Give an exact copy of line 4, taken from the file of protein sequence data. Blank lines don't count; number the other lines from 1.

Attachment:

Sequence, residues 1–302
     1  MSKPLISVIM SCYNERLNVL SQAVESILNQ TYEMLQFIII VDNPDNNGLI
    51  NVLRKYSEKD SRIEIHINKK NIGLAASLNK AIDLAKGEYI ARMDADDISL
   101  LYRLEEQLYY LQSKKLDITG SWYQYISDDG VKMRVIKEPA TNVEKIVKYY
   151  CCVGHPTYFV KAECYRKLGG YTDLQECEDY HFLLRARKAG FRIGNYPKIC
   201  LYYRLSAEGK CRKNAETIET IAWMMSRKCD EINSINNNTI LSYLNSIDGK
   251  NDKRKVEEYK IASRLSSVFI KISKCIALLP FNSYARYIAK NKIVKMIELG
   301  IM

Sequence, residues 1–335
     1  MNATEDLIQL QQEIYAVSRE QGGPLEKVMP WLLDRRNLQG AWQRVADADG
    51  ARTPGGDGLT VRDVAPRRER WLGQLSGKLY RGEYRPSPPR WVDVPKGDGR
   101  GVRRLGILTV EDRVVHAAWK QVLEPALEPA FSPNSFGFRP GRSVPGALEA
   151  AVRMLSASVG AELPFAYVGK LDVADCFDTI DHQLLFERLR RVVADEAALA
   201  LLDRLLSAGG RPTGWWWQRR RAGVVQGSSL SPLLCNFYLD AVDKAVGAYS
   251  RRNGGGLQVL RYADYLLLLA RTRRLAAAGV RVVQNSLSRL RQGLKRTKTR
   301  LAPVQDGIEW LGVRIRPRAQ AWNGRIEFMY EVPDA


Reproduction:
   101  LYRLEEQLYY LQSKKLDITG SWYQYISDDG VKMRVIKEPA TNVEKIVKYY